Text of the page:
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2006-05-17 14:13

  How Much Nature Is Enough?

  Even some ardent conservationists acknowledge that the diversity of life on Earth cannot be fully sustained as human populations expand use more resources nudge the climate and move weedlike pests and predators from place to place.

  Given that some losses are inevitable the debate among many experts has shifted to an uncomfortable subject what level of loss is acceptable. The discussion is taking place at both the local and global levels How small can a fragment of an ecosystem be and still function in all its richness and thus be considered preserved﹖ And as global biodiversity diminishes is it a valid fallback strategy to bank organisms and genes in zoos DNA banks or the like or does this simply justify more habitat destruction﹖ Is nature on ice a sufficient substitute for the real thing﹖ Some conservation groups have strenuously avoided or even attacked such calculations and strategies. They say there is no safe diminution of habitat as long as human understanding of ecology is as sketchy as it is a fallback strategy is unthinkable. Furthermore banking nature in a deep freeze or database of gene sequences cannot capture context. For instance even if a vanished bird was someday reconstituted from its genes would it warble with the same fluency as its ancestors﹖ On the other side of the debate those considering what the smallest viable habitats are or how to expand archives as an insurance policy say that recent trends have proved that old conservation strategies are no longer sufficient. A few decades ago the issue seemed fairly uncomplicated identify biological "hot spots" or species of concern and establish as many reserves as possible. But the picture has grown murky.

  Twenty?four years ago Dr. Thomas E. Lovejoy and other biologists began a remarkable experiment on the fast?eroding fringe of rain forest near the Brazilian city of Manaus. They established 11 forest tracts ranging from 2.5 to 250 acres each surrounded by an isolating sea of pasture similar to what is advancing around most other tropical forests. Among the many findings an analysis published last week on birds in the lower layers of greenery found that it would take a fragment measuring at least 2 500 acres—10 times as large as the biggest one in the experiment—to prevent a decline of 50 percent in those bird varieties in just 15 years or so.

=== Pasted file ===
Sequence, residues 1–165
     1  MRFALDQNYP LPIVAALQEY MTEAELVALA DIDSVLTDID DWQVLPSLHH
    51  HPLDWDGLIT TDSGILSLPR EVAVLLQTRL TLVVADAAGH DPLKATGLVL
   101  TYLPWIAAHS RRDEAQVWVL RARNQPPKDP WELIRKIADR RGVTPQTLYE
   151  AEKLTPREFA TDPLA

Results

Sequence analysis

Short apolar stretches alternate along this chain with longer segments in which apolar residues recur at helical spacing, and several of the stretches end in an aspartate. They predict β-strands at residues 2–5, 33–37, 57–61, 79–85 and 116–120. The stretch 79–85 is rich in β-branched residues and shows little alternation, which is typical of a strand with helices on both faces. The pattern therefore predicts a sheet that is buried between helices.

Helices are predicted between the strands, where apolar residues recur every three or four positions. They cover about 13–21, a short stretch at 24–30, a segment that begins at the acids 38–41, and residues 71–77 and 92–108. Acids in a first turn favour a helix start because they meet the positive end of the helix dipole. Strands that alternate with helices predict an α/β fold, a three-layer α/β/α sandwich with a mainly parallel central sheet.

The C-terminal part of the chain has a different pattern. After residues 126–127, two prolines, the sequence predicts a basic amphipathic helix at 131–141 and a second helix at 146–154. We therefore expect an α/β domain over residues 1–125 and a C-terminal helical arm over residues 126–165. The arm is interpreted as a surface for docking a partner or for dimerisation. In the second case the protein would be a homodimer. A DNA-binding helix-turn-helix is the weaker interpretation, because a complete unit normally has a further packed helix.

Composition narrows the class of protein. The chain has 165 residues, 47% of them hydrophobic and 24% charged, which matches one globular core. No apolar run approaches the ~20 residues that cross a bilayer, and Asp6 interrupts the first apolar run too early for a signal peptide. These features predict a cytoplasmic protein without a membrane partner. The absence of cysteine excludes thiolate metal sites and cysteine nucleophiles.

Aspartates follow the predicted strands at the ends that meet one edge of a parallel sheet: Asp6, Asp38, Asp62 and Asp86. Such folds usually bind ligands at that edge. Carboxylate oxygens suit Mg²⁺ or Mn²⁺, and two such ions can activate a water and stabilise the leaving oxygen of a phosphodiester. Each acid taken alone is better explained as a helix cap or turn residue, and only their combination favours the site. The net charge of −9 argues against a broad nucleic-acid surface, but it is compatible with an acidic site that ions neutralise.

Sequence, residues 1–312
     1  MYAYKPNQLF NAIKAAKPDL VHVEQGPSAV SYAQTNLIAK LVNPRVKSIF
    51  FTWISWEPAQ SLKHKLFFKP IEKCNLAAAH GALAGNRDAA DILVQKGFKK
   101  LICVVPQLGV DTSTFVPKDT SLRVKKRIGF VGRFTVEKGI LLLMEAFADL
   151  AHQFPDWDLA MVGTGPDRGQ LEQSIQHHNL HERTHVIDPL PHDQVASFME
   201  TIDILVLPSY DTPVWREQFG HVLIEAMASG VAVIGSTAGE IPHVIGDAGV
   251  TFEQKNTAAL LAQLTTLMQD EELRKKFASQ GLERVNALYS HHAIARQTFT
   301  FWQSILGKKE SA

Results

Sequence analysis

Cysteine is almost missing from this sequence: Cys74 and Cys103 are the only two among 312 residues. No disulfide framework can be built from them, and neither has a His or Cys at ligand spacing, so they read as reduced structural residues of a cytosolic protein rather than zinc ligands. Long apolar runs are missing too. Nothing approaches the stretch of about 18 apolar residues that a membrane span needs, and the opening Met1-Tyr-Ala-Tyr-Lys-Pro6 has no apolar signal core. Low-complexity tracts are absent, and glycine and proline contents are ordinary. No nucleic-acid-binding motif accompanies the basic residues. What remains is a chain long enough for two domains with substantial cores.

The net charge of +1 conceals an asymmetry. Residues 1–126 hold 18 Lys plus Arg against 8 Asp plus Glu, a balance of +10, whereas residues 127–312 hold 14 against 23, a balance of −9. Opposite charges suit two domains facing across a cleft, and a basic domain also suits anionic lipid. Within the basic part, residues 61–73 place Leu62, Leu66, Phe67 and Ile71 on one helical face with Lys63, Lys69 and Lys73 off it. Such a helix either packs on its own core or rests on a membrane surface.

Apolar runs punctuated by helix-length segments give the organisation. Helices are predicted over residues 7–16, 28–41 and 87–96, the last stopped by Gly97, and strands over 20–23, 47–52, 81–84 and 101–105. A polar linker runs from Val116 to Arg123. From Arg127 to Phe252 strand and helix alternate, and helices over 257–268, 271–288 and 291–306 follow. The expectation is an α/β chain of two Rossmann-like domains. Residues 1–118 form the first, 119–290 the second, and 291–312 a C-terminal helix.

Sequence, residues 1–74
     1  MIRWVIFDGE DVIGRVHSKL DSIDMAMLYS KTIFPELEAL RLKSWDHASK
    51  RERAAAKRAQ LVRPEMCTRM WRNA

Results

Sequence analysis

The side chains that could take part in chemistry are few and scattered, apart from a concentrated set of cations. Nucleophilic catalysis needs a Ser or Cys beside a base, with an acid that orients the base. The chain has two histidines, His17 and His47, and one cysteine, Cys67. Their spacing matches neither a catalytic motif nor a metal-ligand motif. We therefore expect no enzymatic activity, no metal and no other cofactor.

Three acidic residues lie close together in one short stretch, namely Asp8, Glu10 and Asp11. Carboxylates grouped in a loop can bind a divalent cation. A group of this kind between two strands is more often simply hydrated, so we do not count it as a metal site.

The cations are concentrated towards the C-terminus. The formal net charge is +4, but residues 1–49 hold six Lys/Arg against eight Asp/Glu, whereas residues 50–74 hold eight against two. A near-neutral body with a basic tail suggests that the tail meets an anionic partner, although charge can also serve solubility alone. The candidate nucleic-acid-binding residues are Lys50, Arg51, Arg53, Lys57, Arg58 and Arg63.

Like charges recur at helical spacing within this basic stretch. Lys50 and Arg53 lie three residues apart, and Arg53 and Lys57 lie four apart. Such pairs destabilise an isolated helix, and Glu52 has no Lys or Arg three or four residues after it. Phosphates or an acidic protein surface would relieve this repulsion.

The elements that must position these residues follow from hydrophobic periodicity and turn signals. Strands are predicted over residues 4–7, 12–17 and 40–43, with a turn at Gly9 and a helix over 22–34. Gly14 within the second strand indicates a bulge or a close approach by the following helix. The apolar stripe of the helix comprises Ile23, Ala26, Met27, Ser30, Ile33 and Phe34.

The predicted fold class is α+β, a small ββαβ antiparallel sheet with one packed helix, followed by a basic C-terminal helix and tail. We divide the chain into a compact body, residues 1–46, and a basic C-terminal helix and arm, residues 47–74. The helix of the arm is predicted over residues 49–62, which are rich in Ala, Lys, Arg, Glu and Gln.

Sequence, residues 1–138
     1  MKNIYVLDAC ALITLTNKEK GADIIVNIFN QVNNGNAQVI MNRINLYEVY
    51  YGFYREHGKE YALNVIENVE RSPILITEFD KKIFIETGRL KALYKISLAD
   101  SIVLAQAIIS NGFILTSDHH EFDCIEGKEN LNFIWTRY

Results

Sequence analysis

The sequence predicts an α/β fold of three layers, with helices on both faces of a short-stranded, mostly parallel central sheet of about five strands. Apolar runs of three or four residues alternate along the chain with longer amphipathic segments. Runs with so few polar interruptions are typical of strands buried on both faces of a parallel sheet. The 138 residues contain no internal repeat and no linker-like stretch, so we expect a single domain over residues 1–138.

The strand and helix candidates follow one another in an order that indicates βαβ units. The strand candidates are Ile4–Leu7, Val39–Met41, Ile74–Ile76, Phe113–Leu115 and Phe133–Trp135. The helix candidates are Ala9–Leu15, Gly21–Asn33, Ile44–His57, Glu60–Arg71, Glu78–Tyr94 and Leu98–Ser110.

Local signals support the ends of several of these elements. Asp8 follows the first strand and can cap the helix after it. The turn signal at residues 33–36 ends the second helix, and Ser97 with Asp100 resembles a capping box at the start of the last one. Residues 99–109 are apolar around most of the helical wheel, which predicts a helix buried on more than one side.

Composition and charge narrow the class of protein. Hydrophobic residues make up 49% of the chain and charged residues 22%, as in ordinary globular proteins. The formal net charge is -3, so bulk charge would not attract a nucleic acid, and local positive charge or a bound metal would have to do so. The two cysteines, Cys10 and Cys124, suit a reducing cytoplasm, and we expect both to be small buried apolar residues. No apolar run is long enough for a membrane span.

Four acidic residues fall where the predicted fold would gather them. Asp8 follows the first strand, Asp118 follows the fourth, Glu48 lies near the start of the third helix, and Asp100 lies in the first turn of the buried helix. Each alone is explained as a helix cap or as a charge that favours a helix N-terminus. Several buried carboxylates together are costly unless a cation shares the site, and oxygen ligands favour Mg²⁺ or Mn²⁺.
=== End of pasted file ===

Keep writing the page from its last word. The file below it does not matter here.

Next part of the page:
In the understated language of science the new study in The Proceedings of the National Academy of Sciences concludes "This is unfortunate when one considers that for some species?rich areas of the planet a large proportion of remaining forest is in fragments smaller than 2 500 acres."

  In the face of this and other evidence a growing group of conservation biologists say try everything at the same time. "Clearly the most effective way to protect biodiversity is to protect natural areas " said Dr. Peter H. Raven the director of the Missouri Botanical Garden "and to find those organisms most endangered in nature and somehow protect them in type?culture collections botanical gardens zoos seed banks or whatever." But most important he said is to find ways to limit human pressures on the world's last wild places by slowing population growth and using resources more efficiently. One pioneer of genetic deconstruction Dr. J. Craig Venter agrees with Dr. Raven. Dr. Venter has moved from sequencing the DNA of humans and other species to assaying genes in entire ecosystems most recently the waters of the ?Sargasso Sea. In five 50?gallon samples gathered in February he said his team had found 1 million distinct genes quite a haul compared with the 26 000 or so of a human being. And that is the tiniest scratch in the surface he added. His is one effort among many. Britain has a Millennium Seed Bank a growing archive of all the country's plants. The San Diego Zoo has its parallel Frozen Zoo an archive of thousands of DNA samples and cell lines from a host of species. Nonetheless given the overwhelming complexity of nature Dr. Venter added "we're better off trying to preserve the diversity of what we have rather than trying to regenerate it in the future."





  面对这些情况和其他证据,愈来愈多的自然资源保护生物学家说:应该同时尝试所有可行的办法。?美国 密苏里州植物园园长彼得?H?雷文博士说:“显然,最有效的保护生物多样性的方法是保护自然栖息地,同时,还要找出那些自然界中最为濒危的物种,用某种方法把它们保护起来,比如,把它们放入物种培育采集库、植物园、动物园、种子银行等诸如此类的地方。”他说,但最为重要的是通过减缓人口增长和更有效地利用资源找到减少人类对世界最后原始生态地区的压力的方法。遗传解构学的先驱之一,J?克雷格?文特尔博士同意这一看法。文特尔博士从对人类和其他物种的DNA基因排序的研究转到了对整个生态系统的基因分析,最近开始了对马尾藻海海水的研究。他说,他的小组在2月份(指2003年2月份——译者)收集的5份50加仑的样本中发现了上百万种不同的基因类型,这与人类个体具有的约26000种基因相比实在是太多了。他补充说,这不过才触及到皮毛而已。他所做的只是许多努力中的一部分。英国有一个“千禧年种子银行”。它不断扩大,收藏了该国所有植物。(美国)圣地亚哥动物园有一座与其相应的“冷藏动物园”,其中保存了许多物种的数千个DNA样本和细胞株的资料。即使如此,考虑到自然界极为复杂,文特尔博士补充说:“如果我们尽力保护好现存生物的多样性,而不是试图在将来去重新创造它,我们才更明智。”

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